Radical Atheist Organization Attacks TN Pastor’s Right To Freedom “OF” Religion Granted By First Amendment

Guest Post by Mara Zebest

A local TN pastor, Alan Stewart, was asked to speak last month at a local school to offer a 9/11 Tribute. It seems the First Amendment right to speak of G-d is a constant source of irritation to the Freedom FROM Religion Foundation (FFRF).

To read the thin-skinned complaints of the FFRF—you would think the mere mention of the word of G-d is akin to kryptonite. A few weeks after the speech had been delivered; a Department of Education attorney received a letter from FFRF demanding an apology for being offended by a speech that dares to mention G-d.

Pastor Alan Stewart provides a response letter that is well worth the time to read. The Pastor’s response letter not only corrects many factually incorrect FFRF statements made in their original letter, but also requests an apology from FFRF for attempting to trample on the First Amendment rights of Americans and students throughout America.

Click on this WRCBtv.com link to view a video report:


Pastor Alan Stewart’s closing letter paragraphs state the following:

[…] I am of the strong opinion that the actions of the FFRF organization are unconstitutional based upon Justice Tom Clark’s declaration in the Supreme Court decision in the 1963 case, School District of Abington Township vs. Schempp, 374 U.S. 203 (1963). “Secularism is unconstitutional…preferring those who do not believe over those who do believe… lt is the duty of government to deter no-belief religions…The State may not establish a ‘religion of secularism’ in the sense of affirmatively opposing or showing hostility to religion, thus preferring those who believe in no religion over those who do believe.”

Based upon this declaration and the fact the FFRF has repeatedly used misinterpreted rulings by the Supreme Court as the basis for their intimidating demands, it is both right and proper that every school district, superintendent, principal, teacher, staff, and student affected by these actions receive an apology. My desire is to ensure our educational leaders are able to use their professional training, life skills, and experience to enrich and equip their students for life without the fear of retaliation and suppressing the dictates of their own conscience.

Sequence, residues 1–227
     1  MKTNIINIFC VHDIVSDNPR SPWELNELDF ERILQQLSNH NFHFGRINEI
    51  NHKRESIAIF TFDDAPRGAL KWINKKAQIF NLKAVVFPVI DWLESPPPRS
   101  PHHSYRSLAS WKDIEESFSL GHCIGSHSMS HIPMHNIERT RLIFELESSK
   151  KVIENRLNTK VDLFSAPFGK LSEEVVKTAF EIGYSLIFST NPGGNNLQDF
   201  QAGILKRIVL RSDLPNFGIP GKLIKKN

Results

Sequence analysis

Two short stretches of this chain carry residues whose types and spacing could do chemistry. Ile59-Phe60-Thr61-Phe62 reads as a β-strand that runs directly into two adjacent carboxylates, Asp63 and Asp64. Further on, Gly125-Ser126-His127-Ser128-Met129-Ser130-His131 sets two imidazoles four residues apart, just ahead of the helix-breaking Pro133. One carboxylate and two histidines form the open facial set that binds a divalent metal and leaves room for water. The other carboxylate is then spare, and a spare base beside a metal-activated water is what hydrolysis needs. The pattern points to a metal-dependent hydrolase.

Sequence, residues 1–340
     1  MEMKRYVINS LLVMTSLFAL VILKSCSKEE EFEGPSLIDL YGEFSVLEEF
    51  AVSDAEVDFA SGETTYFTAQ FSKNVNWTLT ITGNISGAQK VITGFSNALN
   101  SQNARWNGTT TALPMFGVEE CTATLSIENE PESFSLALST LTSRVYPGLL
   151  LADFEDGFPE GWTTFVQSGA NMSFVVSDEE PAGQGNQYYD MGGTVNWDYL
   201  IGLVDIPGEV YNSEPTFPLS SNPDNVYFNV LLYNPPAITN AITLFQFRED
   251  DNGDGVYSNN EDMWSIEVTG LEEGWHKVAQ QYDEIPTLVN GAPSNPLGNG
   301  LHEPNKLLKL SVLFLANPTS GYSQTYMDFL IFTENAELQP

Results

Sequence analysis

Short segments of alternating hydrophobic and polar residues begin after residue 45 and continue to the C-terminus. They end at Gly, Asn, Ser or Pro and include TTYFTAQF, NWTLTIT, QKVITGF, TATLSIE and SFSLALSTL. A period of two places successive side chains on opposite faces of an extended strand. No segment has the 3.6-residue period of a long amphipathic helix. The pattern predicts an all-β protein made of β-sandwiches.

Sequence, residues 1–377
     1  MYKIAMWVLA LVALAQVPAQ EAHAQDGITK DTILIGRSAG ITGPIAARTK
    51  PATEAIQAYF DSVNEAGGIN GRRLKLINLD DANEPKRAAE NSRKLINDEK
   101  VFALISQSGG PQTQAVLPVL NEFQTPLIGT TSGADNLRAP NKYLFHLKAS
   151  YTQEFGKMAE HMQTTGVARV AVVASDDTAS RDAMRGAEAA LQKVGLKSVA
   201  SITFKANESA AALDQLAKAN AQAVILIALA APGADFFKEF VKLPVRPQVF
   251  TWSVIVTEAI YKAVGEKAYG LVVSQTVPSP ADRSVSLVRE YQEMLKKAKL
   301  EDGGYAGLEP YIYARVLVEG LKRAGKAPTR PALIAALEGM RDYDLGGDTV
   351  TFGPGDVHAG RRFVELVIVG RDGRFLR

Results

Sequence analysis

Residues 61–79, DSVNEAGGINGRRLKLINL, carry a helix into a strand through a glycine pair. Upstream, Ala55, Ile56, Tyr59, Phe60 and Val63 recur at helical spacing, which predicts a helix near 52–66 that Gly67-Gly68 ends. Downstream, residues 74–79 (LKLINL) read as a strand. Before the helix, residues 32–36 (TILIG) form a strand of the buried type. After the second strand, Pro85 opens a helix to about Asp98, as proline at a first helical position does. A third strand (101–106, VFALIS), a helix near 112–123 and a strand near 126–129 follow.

Read the full letter here.

Rebeca Seitz’s blog reports the following:

A dear friend of mine, Alan Stewart, is a longtime pastor in the Mayberry-esque East Tennessee town of Soddy-Daisy. His church has become known in recent years for its crazy-effective Vacation Bible School programs, which Alan wrote and based on the public domain characters from those incredible children’s tales written by Christians – Beauty and the Beast, Wizard of Oz, The Little Mermaid, and Peter Pan – after realizing several years of other VBS programs had been entertaining, but not effective.

Alan and the church are a go-to resource when the town needs, well, anything. Food, shelter, counsel, money, a listening ear, an answer to a troubling situation. They are what the church is supposed to be, at least in so much as I’ve known them the past few years.

Alan was asked by Sale Creek Middle and High School, a local school, to speak at their 9/11 Tribute last month. He diligently prepared a speech and delivered it on September 11. You can read it by clicking Address for Sale Creek Middle and High School.

A couple of weeks later, one of the Department of Education’s attorneys received a letter from the National Freedom From Religion Foundation. I could describe it, but it’s so much better to let them speak for themselves – see the letter by clicking FFRF Letter.

Alan – and I’ve gotta say this is one of the reasons I thoroughly enjoy working with him – read the letter carefully and spent some time praying and thinking about it before memorializing a reaction. He then crafted a response. Again, it’s WAY better to let a letter speak for itself. Click Rechoboth Response to read it.(You really should read it…if only to smile. Widely.) […]

The two letters have become the talk of the school, and the town. (Small towns are both comforting and frustrating that way.)  The students are asking questions, wondering if Alan did, indeed, trample all over some constitutional right and if they should be offended or if the NFFR folks are trampling on Alan’s rights…and they should be offended.

The principal – and I am serious that we have to send this principal about forty-thousand “atta-boys” for even thinking of this, much less doing it – assigned the students the task of researching the issue and writing a paper espousing who is right and who is wrong (constitutionally speaking).

This PUBLIC SCHOOL PRINCIPAL basically said to the students, “You’re going to research, learn, think about what you’ve learned, and form an educated opinion. I will not tell you what to think.” […]

Read more here.

Kudos to Principal Tobin Davidson. It’s rare that a school principal resists secularism and stands with the people and the constitution.



Thanks for sharing!